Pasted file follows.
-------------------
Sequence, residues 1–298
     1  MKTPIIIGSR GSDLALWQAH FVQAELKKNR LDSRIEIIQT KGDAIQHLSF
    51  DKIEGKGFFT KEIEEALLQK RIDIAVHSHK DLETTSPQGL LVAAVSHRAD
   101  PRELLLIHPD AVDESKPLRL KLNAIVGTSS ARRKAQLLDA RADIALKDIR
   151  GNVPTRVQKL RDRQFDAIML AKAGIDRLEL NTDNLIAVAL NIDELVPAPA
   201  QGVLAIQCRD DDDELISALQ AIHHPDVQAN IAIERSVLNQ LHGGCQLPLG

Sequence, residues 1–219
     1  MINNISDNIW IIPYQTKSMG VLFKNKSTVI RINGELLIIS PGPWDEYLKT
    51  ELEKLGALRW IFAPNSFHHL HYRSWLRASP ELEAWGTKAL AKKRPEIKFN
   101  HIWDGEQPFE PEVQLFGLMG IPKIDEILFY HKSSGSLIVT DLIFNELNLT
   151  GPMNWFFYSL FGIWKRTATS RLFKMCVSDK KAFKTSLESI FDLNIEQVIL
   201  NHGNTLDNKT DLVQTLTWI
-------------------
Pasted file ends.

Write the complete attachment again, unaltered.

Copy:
Sequence, residues 1–298
     1  MKTPIIIGSR GSDLALWQAH FVQAELKKNR LDSRIEIIQT KGDAIQHLSF
    51  DKIEGKGFFT KEIEEALLQK RIDIAVHSHK DLETTSPQGL LVAAVSHRAD
   101  PRELLLIHPD AVDESKPLRL KLNAIVGTSS ARRKAQLLDA RADIALKDIR
   151  GNVPTRVQKL RDRQFDAIML AKAGIDRLEL NTDNLIAVAL NIDELVPAPA
   201  QGVLAIQCRD DDDELISALQ AIHHPDVQAN IAIERSVLNQ LHGGCQLPLG

Sequence, residues 1–219
     1  MINNISDNIW IIPYQTKSMG VLFKNKSTVI RINGELLIIS PGPWDEYLKT
    51  ELEKLGALRW IFAPNSFHHL HYRSWLRASP ELEAWGTKAL AKKRPEIKFN
   101  HIWDGEQPFE PEVQLFGLMG IPKIDEILFY HKSSGSLIVT DLIFNELNLT
   151  GPMNWFFYSL FGIWKRTATS RLFKMCVSDK KAFKTSLESI FDLNIEQVIL
   201  NHGNTLDNKT DLVQTLTWI